THE TERM “progressive rock” is little more than a witless oxymoron these days. After all, didn’t rock n’ roll spend some fifty years labeled as a progressive form of music before someone decided that we needed to divvy it up into nit-picky sub-breeds? Anything that was rock should, by nature, have been progressive. But that’s hardly the case in today’s market. Some rock music is nostalgic. Some is experimental. Some is classic. And, of course, some is just plain crap.
What, then, legitimately falls into the category of progressive rock in the music world of 2009? Enter Umbrella Tree and their latest album, The Letter C. The two-man-one-woman band from Nashville deliver a refreshing and—dare I say—reformed concoction of eclectic tunes, finding roots in Decemberists-style gothic lyrics driven by a sound not unlike Arcade Fire with hints of The Deadly Syndrome. Their sound is nothing if not complex and, though complexity itself doesn’t necessarily have much to do with quality, Umbrella Tree seamlessly bridges the gap between the two.
There isn’t a single track on The Letter C that sounds like the next, yet each song is very distinctly Umbrella Tree. From the climactic build-up of “Show and Tell” to the eerie theme of what we’ll call the “Periscope Trilogy” to the flawless vocal tradeoffs and harmonies between band members Zachary Gresham and Jillian Leigh, this record redefines track diversity. Yet with consistent use of minor keys, spectral synthesizers, and bizarre lyrical storylines, the musical assortments still fit snugly into a single sixteen-track package. Throw in phrase changes, the rock equivalent of song “movements,” and the occasional blending of one track to the next, and Umbrella Tree has very nearly, though most likely unintentionally, created something of a mini-rock opera.
Despite The Letter C‘s concept-album ambitions, the scattered lyrics keep it from quite making the cut. Each song tells its own offbeat story, and though the “Periscope Trilogy” takes occasional pains to tie them together, they ultimately stand alone. The opening track, for example, tells the captivating story of a king who grows increasingly paranoid of his subjects, while “Uncle William” spins the tale of a man who used to talk to gods until receiving a head injury that caused him to lose his religion. The only apparent common threads being those of psychosis and nonsense. There’s a bit more realism in songs like “I Wish I Was But I Regret To Inform You”—the familiar, sad tale of unrequited love, retold with a sweetness that thankfully transcends cliché—and the heart-wrenching laments “Samuel Crawford’s Widow” and “Letter To Mary,” both of which exhibit perfect blends of funereal poetry with aching melodies.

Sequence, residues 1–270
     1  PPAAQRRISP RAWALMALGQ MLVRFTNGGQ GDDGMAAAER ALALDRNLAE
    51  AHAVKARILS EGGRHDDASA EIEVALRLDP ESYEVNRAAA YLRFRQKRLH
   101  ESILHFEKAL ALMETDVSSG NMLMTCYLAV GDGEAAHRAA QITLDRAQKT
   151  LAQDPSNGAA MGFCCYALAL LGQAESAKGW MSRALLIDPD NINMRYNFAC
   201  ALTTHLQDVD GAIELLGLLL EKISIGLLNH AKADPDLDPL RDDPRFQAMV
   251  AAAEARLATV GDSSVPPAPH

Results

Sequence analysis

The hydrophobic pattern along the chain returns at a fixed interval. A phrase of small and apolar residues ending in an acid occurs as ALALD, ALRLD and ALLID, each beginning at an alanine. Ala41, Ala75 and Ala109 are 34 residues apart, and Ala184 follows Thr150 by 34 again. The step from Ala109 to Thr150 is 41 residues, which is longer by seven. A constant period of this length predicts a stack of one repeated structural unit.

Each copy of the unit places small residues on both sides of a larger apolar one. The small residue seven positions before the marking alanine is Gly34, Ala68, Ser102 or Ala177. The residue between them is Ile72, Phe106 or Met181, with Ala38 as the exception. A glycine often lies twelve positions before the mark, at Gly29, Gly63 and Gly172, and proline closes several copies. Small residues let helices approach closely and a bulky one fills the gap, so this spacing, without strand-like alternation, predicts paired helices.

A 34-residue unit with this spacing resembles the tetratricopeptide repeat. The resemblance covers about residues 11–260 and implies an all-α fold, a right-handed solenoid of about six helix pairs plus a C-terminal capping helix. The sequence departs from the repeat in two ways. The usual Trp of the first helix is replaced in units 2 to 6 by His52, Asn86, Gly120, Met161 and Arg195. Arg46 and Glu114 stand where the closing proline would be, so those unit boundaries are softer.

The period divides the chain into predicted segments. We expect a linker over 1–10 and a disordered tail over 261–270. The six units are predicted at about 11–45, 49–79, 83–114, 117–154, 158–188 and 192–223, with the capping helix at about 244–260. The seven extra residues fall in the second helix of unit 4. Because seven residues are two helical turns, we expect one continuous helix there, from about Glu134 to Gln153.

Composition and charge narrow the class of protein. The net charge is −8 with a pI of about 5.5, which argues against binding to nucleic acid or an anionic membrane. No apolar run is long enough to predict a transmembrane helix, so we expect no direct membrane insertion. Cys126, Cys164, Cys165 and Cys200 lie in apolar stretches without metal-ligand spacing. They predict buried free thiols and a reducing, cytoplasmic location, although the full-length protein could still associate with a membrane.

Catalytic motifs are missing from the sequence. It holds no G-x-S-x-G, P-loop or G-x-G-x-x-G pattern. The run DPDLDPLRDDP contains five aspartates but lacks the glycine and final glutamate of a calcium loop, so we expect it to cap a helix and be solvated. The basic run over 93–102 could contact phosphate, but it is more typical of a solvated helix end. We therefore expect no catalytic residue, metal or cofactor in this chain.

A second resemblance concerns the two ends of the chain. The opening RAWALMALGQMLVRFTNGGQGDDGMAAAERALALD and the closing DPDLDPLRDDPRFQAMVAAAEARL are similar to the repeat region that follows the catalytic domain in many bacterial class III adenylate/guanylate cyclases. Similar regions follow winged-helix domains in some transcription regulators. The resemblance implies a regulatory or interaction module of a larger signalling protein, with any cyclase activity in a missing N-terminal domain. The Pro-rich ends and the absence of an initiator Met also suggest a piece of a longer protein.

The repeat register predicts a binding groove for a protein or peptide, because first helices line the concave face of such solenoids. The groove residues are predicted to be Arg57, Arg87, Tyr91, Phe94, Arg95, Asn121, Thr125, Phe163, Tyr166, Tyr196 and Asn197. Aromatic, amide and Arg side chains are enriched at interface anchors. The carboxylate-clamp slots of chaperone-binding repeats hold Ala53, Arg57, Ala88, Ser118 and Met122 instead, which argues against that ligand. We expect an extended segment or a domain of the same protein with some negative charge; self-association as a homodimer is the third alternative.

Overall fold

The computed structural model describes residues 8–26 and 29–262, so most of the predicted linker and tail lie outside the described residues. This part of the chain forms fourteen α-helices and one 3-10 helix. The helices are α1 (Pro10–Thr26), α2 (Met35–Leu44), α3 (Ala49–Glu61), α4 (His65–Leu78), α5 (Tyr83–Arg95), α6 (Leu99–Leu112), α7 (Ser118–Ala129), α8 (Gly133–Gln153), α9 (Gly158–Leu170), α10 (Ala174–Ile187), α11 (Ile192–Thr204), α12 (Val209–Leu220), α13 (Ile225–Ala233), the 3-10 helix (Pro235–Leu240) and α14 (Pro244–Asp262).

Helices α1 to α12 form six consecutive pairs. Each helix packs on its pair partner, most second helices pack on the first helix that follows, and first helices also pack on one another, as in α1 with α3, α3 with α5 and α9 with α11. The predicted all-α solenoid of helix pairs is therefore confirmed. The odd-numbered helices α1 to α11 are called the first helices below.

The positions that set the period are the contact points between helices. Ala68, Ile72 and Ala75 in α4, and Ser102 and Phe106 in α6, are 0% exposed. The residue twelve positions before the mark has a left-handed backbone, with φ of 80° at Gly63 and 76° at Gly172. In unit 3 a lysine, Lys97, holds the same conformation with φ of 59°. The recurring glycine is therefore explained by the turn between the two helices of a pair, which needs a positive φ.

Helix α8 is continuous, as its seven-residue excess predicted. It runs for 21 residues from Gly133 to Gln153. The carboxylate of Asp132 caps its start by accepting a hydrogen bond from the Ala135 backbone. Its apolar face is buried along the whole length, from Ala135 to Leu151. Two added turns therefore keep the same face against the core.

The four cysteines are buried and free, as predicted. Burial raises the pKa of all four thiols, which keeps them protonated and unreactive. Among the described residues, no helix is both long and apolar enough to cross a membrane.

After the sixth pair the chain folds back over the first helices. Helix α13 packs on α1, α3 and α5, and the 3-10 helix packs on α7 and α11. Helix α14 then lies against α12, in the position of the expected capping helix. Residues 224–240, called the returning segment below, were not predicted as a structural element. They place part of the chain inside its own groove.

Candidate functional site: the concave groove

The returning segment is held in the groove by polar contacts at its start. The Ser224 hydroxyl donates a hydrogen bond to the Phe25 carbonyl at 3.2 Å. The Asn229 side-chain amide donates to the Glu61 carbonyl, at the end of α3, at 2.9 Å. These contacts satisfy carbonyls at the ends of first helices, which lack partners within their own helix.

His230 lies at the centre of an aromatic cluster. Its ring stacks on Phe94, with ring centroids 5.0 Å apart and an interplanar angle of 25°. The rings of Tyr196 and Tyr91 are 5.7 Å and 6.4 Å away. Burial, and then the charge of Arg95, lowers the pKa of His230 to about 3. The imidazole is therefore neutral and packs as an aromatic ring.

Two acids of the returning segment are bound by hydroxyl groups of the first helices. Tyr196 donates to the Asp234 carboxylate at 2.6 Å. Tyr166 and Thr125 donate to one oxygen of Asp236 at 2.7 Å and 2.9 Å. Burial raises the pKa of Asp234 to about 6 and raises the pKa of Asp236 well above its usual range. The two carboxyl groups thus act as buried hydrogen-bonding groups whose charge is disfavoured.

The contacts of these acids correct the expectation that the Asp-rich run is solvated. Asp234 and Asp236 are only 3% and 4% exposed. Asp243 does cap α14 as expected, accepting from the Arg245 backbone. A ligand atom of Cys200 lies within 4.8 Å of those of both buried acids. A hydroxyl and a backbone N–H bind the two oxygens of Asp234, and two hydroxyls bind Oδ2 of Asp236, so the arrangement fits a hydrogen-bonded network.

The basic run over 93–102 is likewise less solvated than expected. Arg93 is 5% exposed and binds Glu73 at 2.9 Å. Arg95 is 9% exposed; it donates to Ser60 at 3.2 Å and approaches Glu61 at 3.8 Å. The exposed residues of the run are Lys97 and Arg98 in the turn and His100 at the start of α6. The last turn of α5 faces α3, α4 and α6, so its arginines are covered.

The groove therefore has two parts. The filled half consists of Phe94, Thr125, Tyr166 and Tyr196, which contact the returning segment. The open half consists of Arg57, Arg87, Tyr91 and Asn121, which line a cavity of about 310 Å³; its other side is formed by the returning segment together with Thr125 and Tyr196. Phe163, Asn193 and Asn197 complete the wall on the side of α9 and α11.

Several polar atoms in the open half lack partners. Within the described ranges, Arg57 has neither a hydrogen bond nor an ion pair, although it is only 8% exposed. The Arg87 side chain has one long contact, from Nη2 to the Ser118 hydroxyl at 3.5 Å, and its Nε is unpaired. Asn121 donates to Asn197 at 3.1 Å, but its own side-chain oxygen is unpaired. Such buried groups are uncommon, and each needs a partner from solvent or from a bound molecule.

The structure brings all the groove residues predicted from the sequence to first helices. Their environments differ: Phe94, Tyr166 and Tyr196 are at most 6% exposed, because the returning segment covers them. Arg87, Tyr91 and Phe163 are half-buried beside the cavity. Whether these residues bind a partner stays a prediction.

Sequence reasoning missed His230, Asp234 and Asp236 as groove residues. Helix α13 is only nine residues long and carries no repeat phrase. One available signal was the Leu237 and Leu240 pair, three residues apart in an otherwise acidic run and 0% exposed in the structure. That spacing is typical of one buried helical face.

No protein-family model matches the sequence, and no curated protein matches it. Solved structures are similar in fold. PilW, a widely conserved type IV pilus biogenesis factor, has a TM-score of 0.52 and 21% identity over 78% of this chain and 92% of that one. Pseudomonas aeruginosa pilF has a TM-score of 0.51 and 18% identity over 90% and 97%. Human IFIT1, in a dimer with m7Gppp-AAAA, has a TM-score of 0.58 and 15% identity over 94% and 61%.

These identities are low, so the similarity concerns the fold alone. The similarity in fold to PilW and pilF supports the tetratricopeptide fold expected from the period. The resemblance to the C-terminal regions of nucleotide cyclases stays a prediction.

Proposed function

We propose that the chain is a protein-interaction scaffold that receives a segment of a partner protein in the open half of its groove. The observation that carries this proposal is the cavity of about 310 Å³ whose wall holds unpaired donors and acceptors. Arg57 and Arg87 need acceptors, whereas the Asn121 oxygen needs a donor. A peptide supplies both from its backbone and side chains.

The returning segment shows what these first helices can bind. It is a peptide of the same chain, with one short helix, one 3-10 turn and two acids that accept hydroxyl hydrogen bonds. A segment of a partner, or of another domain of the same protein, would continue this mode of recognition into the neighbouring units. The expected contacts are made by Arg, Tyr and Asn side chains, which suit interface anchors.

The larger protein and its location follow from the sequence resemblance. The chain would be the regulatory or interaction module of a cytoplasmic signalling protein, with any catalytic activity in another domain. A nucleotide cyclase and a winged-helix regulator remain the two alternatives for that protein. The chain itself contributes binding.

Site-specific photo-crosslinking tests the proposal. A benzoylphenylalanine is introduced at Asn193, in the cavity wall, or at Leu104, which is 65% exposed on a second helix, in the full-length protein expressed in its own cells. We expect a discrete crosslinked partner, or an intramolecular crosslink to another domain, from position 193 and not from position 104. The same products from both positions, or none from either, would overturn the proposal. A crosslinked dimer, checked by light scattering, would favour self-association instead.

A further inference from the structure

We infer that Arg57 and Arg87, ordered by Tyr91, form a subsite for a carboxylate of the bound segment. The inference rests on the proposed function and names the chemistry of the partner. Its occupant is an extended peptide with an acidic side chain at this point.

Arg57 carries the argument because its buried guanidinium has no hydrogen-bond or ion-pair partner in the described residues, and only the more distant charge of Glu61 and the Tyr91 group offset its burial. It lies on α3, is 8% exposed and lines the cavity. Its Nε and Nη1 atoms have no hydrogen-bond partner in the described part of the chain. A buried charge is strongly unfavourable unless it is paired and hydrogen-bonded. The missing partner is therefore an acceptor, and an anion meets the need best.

The only questionable thing about Umbrella Tree and their latest release is: why haven’t more people heard of them? One possibility is that their label, which they appear to have founded themselves, doesn’t offer much in the way of band promotion. Or it could be that their band’s official website doesn’t even show up in a Google search of “Umbrella Tree.” Of course, it’s always possible that the band just doesn’t want to be bigger than they are, although it would be a travesty for such unique musicianship to be confined only to word of mouth and the few reviews that still exist in internet archives.
No matter the reasons for the band’s tragic lack of publicity, one thing remains certain: if there can be any definition at all to the genre of prog-rock, then Umbrella Tree must join the greats at the top of that list. Contemporary artists who are not only willing to push the boundaries, but to gleefully leap over them, laying down quality, honest music—even if a little weird—are few and far between. If what we all used to know and love as rock n’ roll is ever going to dig itself out of the drudgery it so often finds itself stuck in today, if there is to continue to be any progression at all, we can anticipate with much joy that Umbrella Tree will also continue to be one of the key players.
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